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How to show that for any skew symmetric real matrix $A$, we have $\det(A+I)\ne 0?$

Where to begin? I'm looking for some clue only.

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  • $\begingroup$ It is not difficult to show that $A+I$ is injective, and that's all you need. If $(A+I)x=0$, then $Ax=-x$ and $A^Tx=-Ax=x$, so $\|Ax\|^2=...$ $\endgroup$ – Julien May 16 '13 at 2:43
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Hint: What are the eigenvalues of a real skew symmetric matrix like? If $v$ is an eigenvector of $A$, what is $(A+I)v$?

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When I learned how to do proofs (I am still learning :) ) one thing that felt true was to pay very close attentions to definitions... so my hints would be...

1). what is the definition of non-zero skew symmetric real martix A.

2) what does adding identity matrix do to A.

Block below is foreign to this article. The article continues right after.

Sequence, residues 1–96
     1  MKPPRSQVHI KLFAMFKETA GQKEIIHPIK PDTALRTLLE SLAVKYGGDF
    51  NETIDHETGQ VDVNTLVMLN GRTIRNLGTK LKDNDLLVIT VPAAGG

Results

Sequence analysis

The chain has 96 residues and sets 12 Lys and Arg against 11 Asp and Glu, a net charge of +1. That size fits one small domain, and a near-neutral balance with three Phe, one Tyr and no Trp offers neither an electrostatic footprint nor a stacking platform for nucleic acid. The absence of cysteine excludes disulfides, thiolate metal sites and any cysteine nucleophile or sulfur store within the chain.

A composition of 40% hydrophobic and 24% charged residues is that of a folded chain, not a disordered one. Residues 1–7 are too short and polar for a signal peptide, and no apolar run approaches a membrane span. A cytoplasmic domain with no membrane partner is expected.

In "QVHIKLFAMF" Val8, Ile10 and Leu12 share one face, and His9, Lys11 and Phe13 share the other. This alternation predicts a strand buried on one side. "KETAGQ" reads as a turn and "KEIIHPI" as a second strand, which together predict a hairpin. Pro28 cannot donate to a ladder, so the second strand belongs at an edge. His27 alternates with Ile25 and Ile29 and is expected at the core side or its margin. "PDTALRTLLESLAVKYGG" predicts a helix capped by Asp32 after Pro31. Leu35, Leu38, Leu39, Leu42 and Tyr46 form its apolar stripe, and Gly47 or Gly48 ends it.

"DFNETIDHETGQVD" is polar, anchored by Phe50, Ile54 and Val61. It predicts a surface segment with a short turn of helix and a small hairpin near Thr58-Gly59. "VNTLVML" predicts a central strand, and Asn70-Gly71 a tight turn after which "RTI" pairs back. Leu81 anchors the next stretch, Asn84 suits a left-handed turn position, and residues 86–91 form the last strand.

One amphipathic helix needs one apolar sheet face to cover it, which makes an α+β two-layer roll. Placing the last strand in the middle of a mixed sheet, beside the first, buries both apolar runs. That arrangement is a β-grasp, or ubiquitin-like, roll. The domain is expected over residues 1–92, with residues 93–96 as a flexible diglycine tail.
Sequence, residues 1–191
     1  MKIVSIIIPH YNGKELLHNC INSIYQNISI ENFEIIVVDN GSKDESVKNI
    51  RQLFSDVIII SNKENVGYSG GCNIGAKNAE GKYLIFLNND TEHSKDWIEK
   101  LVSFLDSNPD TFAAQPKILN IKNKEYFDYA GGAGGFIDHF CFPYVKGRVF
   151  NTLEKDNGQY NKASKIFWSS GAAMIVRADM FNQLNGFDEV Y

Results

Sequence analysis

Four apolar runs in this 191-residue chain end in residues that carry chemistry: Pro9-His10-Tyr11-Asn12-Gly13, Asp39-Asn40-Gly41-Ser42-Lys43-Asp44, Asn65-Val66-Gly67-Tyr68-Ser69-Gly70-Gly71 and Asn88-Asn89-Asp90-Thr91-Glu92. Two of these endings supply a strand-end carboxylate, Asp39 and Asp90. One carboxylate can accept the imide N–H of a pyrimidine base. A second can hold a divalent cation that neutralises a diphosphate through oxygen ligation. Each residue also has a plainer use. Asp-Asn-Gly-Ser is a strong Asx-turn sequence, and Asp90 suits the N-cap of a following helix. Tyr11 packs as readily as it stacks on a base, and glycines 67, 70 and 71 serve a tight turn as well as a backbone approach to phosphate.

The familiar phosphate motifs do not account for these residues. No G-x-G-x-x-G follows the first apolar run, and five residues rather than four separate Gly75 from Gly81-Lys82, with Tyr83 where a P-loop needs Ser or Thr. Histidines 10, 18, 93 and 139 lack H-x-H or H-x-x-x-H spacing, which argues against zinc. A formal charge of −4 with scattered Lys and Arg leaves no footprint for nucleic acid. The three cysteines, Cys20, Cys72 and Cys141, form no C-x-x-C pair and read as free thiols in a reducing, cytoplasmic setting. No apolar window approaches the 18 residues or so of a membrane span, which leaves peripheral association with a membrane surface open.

3). what does $det(A + I) \neq 0$ really mean....think invertibility, which will bring us full circle back to Joseph G's help.

Happy Hunting

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let $\lambda$ be an eigen value of a skew symmetric matrix $A$ and $X\ne 0$ be an eigen vector correspomding to this $\lambda$ so $AX=\lambda X\Rightarrow X^*A^*=\bar{\lambda}X^*\Rightarrow X^*(-A)X=\bar{\lambda}X^*X\Rightarrow -X^*\lambda X=\bar{\lambda}X^*X\Rightarrow (\lambda+\bar{\lambda})X^*X=0\Rightarrow \lambda=\bar{\lambda}$ as $X$ was non null, so Eigen values of real skew symmetric matrices arepurely imaginary or $0$, The problem you have stated says that $-1$ is an eigen value of $A$ so contradiction.

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